Review: The Splendid and the Vile by Erik Larson
This is a hefty book on the first year of Churchill's year as Prime Minister and the concurrent first year of the Blitz - and it is a phenomenal book. I've always been a huge fan of Erik Larson, the author of The Splendid and the Vile, and his ability to tell such a gripping story in the context of his meticulous research and detailed sourcing. I think this is also accompanied by a real flair for picking his stories and the narratives he wishes to explore; of his eight published works, at least three of them are World War II stories - which you can kind of understand. World War II, a horrific stain on the history of Europe, also lends itself to some damn good storytelling. Some of my favorite books of recent years have been World War II stories (incidentally, all of the great WW2 stories that jump to mind are written by men - is this a significant gap in my own reading, or a gap in the literature more generally? Discuss.).
This book is yet another example of Larson's unique flair - his magnificent work of nonfiction, centered around on the first year of the Blitz and Churchill's first year as Prime Minister, also reads like a sublime piece of domestic thriller. The sourcing and the research is visible on every page, and his reliance on primary sources - the published and private diaries of some of the key players of the era, as well as published correspondence - means that all of the characters at the center of the story, both Churchill and his family and staff and ministers, feel very vivid, and like they're being fully portrayed without any of the glossing you sometimes get of the people who were active at this time of European history (maybe reasonably). I think Larson is perhaps a bit guilty of hero-worshipping Winston Churchill, but seeing that just about everyone was doing this at the time and he is relying on contextual and timely historical sources, that can be forgiven.
I think the fact that Larson narrows the focus of his book to just one year, May 1940-May 1941 (with an epilogue that focuses on the immediate consequences of the attack on Pearl Harbor) makes it an even more compelling read than if he had broadened the scope. An awful lot happened in Churchill's circle during the war, and the gripping nature of the domestic and interpersonal dramas would not have spread easily to a six-year conflict. And the book is certainly gripping - I was on the edge of my seat both during the passages that described the raids against London and Canterbury, and to find out what the outcome of Mary Churchill's courtship by Eric Bessborough would be. I cannot adequately explain just how gripping and thrilling this book was - it's 585 pages long, and I tore through it in three sittings because I had to physically tear myself away from it so I could do my adulting jobs (like my actual job, and cleaning the house, and laundry. I hate being a grown-up).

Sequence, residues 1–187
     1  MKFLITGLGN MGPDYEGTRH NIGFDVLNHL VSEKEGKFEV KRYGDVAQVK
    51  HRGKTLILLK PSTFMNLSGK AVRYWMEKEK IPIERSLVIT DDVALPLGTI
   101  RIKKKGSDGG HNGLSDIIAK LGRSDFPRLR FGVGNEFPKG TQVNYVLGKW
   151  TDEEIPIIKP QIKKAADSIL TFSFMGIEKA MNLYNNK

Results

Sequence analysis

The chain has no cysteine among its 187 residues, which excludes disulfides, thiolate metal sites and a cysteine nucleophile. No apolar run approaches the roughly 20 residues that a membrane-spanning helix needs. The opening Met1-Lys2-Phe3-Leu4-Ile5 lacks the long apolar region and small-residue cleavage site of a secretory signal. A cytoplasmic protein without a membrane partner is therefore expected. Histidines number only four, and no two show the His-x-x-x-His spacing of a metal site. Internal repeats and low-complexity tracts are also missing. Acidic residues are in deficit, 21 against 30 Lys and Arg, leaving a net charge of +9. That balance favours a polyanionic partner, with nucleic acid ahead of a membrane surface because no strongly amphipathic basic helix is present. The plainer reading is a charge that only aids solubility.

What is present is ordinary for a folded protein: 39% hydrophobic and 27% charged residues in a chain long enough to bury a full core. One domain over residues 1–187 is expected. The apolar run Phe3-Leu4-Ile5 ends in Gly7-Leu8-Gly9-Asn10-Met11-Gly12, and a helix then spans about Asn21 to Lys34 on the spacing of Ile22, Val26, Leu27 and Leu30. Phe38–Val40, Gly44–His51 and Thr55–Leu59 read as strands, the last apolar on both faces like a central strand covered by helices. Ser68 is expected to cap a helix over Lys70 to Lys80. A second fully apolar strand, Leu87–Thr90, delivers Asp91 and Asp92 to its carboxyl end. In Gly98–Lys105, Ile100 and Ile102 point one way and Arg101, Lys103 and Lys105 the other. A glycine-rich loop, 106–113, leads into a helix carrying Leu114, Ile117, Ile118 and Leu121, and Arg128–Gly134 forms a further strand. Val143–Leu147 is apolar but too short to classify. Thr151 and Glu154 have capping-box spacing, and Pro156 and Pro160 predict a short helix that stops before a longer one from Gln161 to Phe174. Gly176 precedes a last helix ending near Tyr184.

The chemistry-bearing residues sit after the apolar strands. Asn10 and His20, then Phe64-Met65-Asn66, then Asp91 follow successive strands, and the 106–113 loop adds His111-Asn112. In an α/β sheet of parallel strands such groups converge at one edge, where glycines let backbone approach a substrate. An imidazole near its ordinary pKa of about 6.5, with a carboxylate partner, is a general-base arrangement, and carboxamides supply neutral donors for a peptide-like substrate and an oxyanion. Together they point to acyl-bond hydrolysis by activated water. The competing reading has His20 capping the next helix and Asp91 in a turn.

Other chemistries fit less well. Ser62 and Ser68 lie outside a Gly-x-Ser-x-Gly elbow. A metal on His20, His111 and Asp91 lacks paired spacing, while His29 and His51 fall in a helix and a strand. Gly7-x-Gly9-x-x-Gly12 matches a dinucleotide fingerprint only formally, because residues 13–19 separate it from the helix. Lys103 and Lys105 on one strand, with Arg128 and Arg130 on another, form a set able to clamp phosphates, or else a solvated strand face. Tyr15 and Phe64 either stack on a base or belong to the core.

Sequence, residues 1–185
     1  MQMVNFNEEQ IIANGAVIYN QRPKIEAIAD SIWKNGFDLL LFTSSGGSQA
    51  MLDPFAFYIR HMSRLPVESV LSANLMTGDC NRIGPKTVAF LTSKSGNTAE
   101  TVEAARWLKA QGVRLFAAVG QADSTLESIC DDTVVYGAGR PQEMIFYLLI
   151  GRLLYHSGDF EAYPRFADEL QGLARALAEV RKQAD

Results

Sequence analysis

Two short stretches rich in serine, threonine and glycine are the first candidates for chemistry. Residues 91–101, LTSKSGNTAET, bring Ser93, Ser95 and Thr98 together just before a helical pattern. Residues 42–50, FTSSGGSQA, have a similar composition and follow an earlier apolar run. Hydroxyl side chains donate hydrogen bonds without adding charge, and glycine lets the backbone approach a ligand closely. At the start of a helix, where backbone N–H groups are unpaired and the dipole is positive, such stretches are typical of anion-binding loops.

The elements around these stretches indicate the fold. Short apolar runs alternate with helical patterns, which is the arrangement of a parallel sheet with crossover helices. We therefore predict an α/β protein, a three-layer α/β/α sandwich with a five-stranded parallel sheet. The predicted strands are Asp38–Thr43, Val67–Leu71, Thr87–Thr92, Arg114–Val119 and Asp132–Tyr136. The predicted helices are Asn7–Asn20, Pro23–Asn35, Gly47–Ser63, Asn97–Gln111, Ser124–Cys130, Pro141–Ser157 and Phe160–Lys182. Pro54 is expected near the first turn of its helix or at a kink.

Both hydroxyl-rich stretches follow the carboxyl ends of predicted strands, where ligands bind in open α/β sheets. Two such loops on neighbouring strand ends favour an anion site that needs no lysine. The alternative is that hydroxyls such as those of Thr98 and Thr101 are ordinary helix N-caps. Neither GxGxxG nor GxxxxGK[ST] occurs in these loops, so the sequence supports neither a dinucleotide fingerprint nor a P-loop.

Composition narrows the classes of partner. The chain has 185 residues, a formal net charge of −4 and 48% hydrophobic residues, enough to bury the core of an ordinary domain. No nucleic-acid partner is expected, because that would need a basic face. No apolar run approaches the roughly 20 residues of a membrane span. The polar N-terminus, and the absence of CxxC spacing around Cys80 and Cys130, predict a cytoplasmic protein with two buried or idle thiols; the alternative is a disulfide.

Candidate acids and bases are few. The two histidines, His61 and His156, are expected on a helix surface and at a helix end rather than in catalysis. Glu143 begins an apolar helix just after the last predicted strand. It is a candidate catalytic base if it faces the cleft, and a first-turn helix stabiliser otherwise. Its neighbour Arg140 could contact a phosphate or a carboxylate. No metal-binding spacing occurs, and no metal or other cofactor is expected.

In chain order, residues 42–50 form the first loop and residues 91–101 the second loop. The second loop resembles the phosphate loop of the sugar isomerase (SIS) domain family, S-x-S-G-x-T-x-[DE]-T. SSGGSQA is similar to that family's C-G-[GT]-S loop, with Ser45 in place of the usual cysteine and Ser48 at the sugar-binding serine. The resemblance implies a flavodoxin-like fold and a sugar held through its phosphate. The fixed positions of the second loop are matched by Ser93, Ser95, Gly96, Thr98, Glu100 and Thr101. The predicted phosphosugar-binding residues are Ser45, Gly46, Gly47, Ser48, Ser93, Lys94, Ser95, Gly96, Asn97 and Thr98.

The writing is also spectacularly well-done: crisp, clear, precise, no-nonsense. Erik Larson never gets bogged down in an attempt to make his story of his writing complex or flowery or metaphorical, he just sets out the facts of his story and lets the sheer nature of his narrative do the work on its own. He is a master of "showing not telling", something that, frankly, quite a few nonfiction writers could learn to do better. What is also excellent is Larson's ability to tell a story that is, frankly, very well-known and add dimensions to it that feel new and fresh - I learned things from this book that I'd never thought of before, or ever considered. For example, it was a bit of a shock to discover that the first 18 months of the war in England were viewed with some real pessimism - I've always learned about World War II through the lens of an Allied victory, and so every thing I've learned about it has always had the weight of an Allied victory being inevitable. I also never knew how high the number of Britons who died during the Blitz was - that was a real emotional one-two punch for me.
But Larson does an excellent job of conveying the real weight of worry that Britain would be defeated, and the real sense of desperation at Roosevelt and America's isolationism and procrastination, without ever giving way to hysteria or depression. It does an excellent job of conveying the exorbitantly high stakes of the book, and transmitting how real the sense of hope and courage was of the people who make up the center of this book, and the historical time Larson is writing about.
Anyway, I highly recommend this book and thought it was excellent. In the current climate, it was also incredibly refreshing to read a book about A) a head of government who actually knew what he was talking about and used his power and his platform to bring his country together and share his courage and his fearlessness, and implemented real policies to help as many people as he could; B) people banding together in light of the common good instead of following their own stupid, selfish, silly, misguided personal interests. It might be weird to think of a book about one of the most horrible things to ever happen in the history of humanity as escapism, but considering how bad things feel right now - it really was. It also helps that it was escapism of spectacular literary value, and that I learned something from.
Everyone go read this book and then let's talk about it while we continue drinking alone.
Stay home, stay safe, wash your hands - and everyone look after yourselves as much as you can, whatever that means for you.